Monday, February 1, 2010

Building One Big Apple

Magnet # 157: Deco New York City

Material: Wood, Laminated Paper

Purchased By: Dad

Tomorrow, back in 1653, New Amsterdam officially became incorporated as a city. Of course, it would soon be given another name - New York City.  Nowadays, all existence of its first settlers have disappeared in fires and development, but in its place are some of the most impressive sites to be had in all the world.

The island of Manhattan was first discovered by Europeans when an Italian explorer who sailed for the French found it in 1524. But the Dutch were the first Europeans to actually settle there, and they eventually bought the island from the local Lenape Indians. There is an old story that tells they only bought it for about twenty dollars or so worth of trinkets, but that's not true. The Dutch actually paid 60 guilders, a much more substantial sum. But some scholars hold that the Lenape, who were nomads and constantly roamed from site to site, never realized the Dutch would occupy the land there from then on, as they had no concept of permanent land ownership. Regardless, the Dutch remained in their New Amsterdam for almost 40 years when the British conquered the island in 1664 and renamed it New York, after their Duke. After the Second Anglo-Dutch War was over, the British were given complete control of New York.  They took an island that was of little consequence, and greatly increased the importance of its trading post.  More people moved into the area, building it up, and opening Columbia University, the fifth institute of higher learning established in the colonies.  Important events in the colonies' path toward the American Revolution, such as the Stamp Act Congress, occurred there.  And when war broke out with the British, the area was captured by the British after a series of important battles broke out there.  When the city had been freed and the war was over, it temporarily became the nation's capitol.  Although that obviously changed, New York City was clearly becoming very important to the United States and it soon outgrew Philadelphia to become its largest city.  The 19th century saw a complete overhaul of the city, as immigrants flooded there from around the globe, and the entire island was divided into street grids.  Skyscrapers began to dominate the skyline, as a subway underneath it connected its growing population.  By the early 1930's, over ten million people lived in new York City, and it had surpassed London and become the first megacity ever.  After World War II, scores of returning vets settled in the city, helping its economic growth.  Although crime grew there during the sixties and seventies, by the nineties, determined leaders had taken back their city, making it much safer for residents and tourists.  Nowadays, New York City remains one of the most powerful and populated cities in the world.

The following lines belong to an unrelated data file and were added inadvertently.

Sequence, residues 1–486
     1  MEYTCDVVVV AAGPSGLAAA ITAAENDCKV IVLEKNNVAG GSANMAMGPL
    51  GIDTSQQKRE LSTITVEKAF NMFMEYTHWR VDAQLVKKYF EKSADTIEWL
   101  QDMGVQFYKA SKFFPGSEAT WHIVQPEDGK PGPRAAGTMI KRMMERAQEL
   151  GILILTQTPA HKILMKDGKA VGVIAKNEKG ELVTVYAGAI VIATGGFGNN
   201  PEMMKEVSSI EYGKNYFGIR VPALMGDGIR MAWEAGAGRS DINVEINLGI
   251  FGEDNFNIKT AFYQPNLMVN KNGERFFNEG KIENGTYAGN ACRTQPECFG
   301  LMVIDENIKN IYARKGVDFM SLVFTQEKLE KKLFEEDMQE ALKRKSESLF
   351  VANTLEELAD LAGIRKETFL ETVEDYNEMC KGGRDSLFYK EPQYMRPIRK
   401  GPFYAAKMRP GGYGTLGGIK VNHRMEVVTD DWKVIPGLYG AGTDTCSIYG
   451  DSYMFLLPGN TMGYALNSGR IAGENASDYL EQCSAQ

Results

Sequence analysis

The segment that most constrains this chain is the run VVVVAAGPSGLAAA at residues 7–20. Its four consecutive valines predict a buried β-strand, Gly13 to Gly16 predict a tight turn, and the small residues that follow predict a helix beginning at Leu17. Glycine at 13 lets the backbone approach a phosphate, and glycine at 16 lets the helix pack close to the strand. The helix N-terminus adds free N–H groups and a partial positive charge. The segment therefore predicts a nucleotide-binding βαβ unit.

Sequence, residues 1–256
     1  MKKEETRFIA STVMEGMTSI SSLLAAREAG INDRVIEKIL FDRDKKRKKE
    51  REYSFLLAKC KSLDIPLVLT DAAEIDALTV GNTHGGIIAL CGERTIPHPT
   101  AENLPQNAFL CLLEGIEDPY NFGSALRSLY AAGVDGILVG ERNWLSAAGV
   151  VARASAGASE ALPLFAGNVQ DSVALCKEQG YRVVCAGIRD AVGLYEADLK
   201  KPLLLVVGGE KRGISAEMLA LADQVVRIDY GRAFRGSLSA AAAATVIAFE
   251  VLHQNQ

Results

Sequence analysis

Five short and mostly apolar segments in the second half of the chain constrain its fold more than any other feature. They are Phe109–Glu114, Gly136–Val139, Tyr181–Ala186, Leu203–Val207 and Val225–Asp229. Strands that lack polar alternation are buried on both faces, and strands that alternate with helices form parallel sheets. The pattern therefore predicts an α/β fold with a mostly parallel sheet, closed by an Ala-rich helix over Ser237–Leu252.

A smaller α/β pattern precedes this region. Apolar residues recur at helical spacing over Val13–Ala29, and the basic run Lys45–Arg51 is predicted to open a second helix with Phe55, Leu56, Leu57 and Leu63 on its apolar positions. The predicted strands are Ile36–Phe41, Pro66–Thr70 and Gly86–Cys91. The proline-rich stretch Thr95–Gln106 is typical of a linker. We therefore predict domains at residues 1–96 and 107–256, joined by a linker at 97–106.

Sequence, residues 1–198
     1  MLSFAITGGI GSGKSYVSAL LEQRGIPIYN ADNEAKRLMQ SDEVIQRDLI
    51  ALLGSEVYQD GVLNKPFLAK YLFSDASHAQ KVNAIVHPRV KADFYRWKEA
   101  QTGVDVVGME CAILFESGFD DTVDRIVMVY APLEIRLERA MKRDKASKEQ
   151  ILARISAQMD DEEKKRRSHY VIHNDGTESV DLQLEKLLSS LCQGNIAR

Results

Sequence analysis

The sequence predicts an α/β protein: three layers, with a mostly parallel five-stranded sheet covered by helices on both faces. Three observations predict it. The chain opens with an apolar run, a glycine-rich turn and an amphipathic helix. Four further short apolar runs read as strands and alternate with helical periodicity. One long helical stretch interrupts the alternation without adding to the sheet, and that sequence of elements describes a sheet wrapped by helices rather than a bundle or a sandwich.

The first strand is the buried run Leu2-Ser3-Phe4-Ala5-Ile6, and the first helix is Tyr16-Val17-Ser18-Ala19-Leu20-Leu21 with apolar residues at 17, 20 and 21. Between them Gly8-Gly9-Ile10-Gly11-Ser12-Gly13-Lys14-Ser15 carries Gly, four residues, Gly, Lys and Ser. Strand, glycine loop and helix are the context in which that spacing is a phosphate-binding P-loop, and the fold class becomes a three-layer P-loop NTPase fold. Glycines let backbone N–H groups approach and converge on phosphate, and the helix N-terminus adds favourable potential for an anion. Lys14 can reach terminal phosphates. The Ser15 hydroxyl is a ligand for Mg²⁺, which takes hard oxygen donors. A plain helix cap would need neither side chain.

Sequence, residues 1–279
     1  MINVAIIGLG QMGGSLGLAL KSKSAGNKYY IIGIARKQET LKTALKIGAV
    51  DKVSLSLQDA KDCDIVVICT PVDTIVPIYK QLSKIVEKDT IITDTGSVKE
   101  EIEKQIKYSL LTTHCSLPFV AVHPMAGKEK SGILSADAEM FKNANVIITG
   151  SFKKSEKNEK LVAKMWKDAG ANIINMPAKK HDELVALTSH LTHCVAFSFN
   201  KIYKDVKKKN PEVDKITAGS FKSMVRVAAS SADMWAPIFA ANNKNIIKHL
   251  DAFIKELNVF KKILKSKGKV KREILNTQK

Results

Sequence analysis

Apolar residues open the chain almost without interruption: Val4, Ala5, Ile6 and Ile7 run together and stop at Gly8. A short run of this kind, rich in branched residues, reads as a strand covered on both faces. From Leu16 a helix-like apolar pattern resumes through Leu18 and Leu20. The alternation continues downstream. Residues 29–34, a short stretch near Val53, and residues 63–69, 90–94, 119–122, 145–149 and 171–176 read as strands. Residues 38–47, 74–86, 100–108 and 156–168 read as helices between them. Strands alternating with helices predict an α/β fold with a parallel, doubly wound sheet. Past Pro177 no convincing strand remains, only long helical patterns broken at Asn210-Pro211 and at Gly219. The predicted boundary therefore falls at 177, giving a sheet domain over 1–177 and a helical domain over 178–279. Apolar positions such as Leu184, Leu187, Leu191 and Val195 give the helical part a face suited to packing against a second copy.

I may have not spent much time in the Big Apple, but the paternal side of my family has long-standing ties to the city.  They arrived in the late 1800's and some have stayed there, while others have spread across then nation.  My dad's grandfather was a city councilman of New York City representing the borough of Queens in the 1940's, and he later ran unsuccessfully for U.S. Representative.  And my Dad's aunt and some of his cousins still live in the outskirts of the city.  As I've mentioned on here before, I have visited the city twice in my life, once mainly sticking to its outlying areas, and then right in the heart of the city for a week.  I saw some of the most impressive attractions the Big Apple has to offer, like Central Park, Times Square, the Metropolitan Museum of Art, Rockefeller Center, and Lincoln Center - and, of course, the Twin Towers.  I rode in both the ubiquitous yellow taxis and the subway.  I sampled all sorts of delicious offerings, like the cheesecake at Stage Deli, and a very unique pizza with lasagna-like layers on it.  And, as amazing as it was, I realize there is still plenty more to be seen and sampled in this gigantic city.  Let's face it, even its citizens would be challenged to take in everything it has to offer.  I wouldn't mind taking another trip to the City that Never Sleeps, as it seems it will just keep growing bigger and greater, on almost a daily basis.

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